Material culture
Material culture--History
Material culture--Social aspects
Material culture--United States
Technology
Technology--History
Technology and civilization 
Technology--Philosophy
Technology--Social aspects
Technological innovations
Diffusion of innovations
Property
Property--Philosophy
Property--Psychological aspects
Property--Social aspects
Personal belongings
Materialism--United States
Materialism--Social aspects--United States

Consumers--Attitudes
Consumers' preferences
Consumers--Psychology
Consumers--United States
Consumers--United States--History
Consumption (Economics)
Consumption (Economics)--Environmental aspects
Consumption (Economics)--History
Consumption (Economics)--Moral and ethical aspects
Consumption (Economics)--Social aspects  
Consumption (Economics)--Social aspects--United States
Consumption (Economics)--United States
Brand name products
Branding (Marketing)
Brand choice
Lifestyles
Lifestyles--United States

Industrial design
Product design
Manufacturing processes
Materials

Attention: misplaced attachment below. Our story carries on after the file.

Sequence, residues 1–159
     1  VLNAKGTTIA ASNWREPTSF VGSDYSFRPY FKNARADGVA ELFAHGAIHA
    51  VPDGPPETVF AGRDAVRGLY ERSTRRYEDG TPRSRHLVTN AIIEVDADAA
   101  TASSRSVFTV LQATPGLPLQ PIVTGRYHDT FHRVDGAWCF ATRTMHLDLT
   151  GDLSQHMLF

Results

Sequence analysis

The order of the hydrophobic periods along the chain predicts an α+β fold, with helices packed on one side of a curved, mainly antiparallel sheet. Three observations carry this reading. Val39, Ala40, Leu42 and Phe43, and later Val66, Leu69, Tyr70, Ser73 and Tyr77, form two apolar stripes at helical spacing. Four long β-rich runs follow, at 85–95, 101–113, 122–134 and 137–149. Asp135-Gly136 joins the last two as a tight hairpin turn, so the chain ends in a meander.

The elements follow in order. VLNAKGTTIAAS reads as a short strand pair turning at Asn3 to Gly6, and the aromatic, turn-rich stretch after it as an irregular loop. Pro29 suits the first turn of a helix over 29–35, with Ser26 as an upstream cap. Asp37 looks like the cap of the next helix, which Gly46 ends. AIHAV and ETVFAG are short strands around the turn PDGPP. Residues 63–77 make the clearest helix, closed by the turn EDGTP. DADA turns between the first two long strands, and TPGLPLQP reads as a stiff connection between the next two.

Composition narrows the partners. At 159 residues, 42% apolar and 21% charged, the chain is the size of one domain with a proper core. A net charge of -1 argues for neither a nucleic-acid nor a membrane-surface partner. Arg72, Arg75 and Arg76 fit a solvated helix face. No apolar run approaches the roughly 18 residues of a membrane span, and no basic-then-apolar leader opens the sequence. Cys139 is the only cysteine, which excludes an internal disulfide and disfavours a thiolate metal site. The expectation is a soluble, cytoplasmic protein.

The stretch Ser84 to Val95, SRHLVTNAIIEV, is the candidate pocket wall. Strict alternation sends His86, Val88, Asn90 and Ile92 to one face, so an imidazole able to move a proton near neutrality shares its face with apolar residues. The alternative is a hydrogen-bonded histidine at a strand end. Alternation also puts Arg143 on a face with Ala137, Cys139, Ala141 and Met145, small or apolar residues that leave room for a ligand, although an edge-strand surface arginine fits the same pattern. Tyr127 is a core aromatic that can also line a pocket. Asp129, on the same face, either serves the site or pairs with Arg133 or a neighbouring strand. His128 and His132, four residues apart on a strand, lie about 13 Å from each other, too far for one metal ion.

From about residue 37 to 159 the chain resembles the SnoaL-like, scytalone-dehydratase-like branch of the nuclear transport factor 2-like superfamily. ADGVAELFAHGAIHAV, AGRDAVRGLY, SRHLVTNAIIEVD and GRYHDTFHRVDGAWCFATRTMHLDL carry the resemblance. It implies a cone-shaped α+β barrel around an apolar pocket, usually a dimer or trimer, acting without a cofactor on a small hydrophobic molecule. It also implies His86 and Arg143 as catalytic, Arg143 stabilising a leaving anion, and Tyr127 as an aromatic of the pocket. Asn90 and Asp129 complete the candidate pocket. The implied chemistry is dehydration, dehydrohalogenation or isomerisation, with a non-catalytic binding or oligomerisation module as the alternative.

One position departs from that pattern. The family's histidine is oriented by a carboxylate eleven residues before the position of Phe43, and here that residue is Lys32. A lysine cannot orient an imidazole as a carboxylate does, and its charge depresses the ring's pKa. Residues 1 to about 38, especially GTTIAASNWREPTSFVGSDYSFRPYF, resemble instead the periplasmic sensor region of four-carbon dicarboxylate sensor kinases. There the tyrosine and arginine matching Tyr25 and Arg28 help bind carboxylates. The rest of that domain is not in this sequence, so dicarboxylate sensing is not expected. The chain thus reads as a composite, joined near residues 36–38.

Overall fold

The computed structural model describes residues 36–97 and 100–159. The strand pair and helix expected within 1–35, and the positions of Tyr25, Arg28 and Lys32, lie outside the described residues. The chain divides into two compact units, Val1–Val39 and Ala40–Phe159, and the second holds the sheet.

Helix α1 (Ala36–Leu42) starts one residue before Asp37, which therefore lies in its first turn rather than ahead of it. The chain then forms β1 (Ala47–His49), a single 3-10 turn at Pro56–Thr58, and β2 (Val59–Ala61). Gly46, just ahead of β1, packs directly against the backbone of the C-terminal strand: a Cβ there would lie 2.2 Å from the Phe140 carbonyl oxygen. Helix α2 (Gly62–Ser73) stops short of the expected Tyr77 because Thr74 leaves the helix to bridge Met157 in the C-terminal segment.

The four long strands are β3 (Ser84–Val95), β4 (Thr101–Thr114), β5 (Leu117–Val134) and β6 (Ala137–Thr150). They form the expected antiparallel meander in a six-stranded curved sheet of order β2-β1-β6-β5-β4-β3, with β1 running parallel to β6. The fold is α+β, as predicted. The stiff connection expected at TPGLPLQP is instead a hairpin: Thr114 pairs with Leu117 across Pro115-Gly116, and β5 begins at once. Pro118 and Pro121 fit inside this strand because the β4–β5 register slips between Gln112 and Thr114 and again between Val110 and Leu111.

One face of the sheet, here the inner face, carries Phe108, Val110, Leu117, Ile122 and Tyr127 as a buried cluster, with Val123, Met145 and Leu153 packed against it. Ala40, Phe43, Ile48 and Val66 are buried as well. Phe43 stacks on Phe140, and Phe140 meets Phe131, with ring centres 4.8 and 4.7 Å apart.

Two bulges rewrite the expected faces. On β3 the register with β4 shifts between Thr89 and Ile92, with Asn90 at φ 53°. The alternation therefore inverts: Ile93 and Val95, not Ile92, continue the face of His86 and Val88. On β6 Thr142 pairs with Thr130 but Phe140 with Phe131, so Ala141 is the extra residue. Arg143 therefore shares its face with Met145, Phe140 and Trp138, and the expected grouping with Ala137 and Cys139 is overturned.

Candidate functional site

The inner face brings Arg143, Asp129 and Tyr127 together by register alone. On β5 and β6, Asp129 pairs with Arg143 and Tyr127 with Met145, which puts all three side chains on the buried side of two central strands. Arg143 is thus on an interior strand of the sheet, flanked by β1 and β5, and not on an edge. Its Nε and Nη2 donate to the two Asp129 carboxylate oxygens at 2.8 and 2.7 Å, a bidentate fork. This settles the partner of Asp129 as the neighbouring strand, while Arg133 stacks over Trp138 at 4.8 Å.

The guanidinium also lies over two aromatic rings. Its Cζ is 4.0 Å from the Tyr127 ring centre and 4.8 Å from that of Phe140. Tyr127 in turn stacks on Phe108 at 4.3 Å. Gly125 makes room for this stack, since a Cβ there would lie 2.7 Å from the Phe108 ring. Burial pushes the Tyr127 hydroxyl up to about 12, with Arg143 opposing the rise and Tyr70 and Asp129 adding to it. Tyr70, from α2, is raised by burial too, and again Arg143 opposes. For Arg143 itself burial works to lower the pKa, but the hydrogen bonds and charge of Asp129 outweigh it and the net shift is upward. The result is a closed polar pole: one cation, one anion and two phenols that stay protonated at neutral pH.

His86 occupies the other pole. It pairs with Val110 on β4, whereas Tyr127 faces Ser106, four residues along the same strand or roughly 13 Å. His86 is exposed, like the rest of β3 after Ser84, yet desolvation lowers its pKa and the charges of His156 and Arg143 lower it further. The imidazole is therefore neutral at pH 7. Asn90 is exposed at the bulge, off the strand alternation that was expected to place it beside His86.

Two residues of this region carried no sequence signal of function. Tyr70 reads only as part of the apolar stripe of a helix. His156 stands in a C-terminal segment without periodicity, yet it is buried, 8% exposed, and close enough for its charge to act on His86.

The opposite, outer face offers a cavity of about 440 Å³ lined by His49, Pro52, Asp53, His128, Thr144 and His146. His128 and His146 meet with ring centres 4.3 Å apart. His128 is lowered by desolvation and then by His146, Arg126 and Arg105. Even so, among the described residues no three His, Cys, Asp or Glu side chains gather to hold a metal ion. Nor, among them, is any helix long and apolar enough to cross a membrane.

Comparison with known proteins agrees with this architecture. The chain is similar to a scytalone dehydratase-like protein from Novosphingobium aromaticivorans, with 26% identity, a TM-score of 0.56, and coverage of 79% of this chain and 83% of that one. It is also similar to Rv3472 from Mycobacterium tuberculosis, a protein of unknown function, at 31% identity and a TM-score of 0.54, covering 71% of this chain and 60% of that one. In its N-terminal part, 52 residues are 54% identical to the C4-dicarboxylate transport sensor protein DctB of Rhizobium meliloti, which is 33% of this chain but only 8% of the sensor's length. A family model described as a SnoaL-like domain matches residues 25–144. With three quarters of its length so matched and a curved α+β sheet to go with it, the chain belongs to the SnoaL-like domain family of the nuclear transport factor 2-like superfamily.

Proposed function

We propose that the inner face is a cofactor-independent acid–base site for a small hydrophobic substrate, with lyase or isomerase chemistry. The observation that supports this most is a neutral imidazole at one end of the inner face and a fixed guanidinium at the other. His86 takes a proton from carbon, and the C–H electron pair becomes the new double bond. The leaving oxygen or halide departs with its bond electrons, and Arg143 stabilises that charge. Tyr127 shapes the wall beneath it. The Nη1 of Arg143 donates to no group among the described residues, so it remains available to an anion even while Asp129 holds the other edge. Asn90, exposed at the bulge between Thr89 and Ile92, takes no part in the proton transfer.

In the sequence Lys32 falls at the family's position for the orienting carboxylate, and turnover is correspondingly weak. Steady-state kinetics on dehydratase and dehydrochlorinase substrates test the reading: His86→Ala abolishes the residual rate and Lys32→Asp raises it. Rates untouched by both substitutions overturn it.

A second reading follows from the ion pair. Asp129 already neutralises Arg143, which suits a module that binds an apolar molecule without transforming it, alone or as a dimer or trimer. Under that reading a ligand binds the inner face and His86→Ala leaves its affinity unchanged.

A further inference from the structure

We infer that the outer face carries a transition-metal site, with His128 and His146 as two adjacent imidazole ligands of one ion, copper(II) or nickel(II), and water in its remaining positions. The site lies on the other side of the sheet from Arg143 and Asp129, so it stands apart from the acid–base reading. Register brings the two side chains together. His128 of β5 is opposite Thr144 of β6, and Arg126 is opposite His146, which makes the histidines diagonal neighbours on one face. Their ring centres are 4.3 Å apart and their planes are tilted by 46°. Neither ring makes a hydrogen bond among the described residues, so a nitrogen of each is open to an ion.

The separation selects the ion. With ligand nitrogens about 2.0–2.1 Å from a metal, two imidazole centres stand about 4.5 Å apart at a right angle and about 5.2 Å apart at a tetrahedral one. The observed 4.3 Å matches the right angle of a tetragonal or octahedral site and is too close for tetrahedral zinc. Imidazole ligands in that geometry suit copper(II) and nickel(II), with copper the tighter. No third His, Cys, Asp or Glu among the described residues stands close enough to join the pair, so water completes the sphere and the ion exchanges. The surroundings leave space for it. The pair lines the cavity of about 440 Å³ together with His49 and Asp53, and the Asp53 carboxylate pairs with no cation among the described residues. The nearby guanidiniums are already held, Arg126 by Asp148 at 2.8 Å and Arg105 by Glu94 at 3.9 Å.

Many objects and products are popular--or not--because of changing trends in popular culture.  So depending on the item you've chosen, you might want to consult this Subject Heading, often subdivided by place and time:
Popular culture--United States

     Likewise, a standard subheading applied to works that might be concerned with the material culture of a place and time is "--Social life and customs." So if the object or product you've chosen is associated with a particular country and possibly with a particular time, enter a Subject search on the name of the country followed by the subheading --Social life and customs. For example,
United States--Social life and customs--1775-1783
United States--Social life and customs--1865-1918
United States--Social life and customs--1918-1945
United States--Social life and customs--1945-1970
United States--Social life and customs--1971-

     Finally, so many of us spend so much of our time looking at and manipulating virtual objects, it might be interesting to consider virtual reality in this context:
Virtual reality
Virtual reality--Social aspects

Obscure Objects of Desire

Note: The universe of objects and products is vast and so is the literature. An academic library like IC's does not need most of these resources to support its curriculum, so it may be useful to discover if books on your topic exist elsewhere and may be requested via interlibrary loan. (Since books must be sent through the mail, you must budget 1-2 weeks.)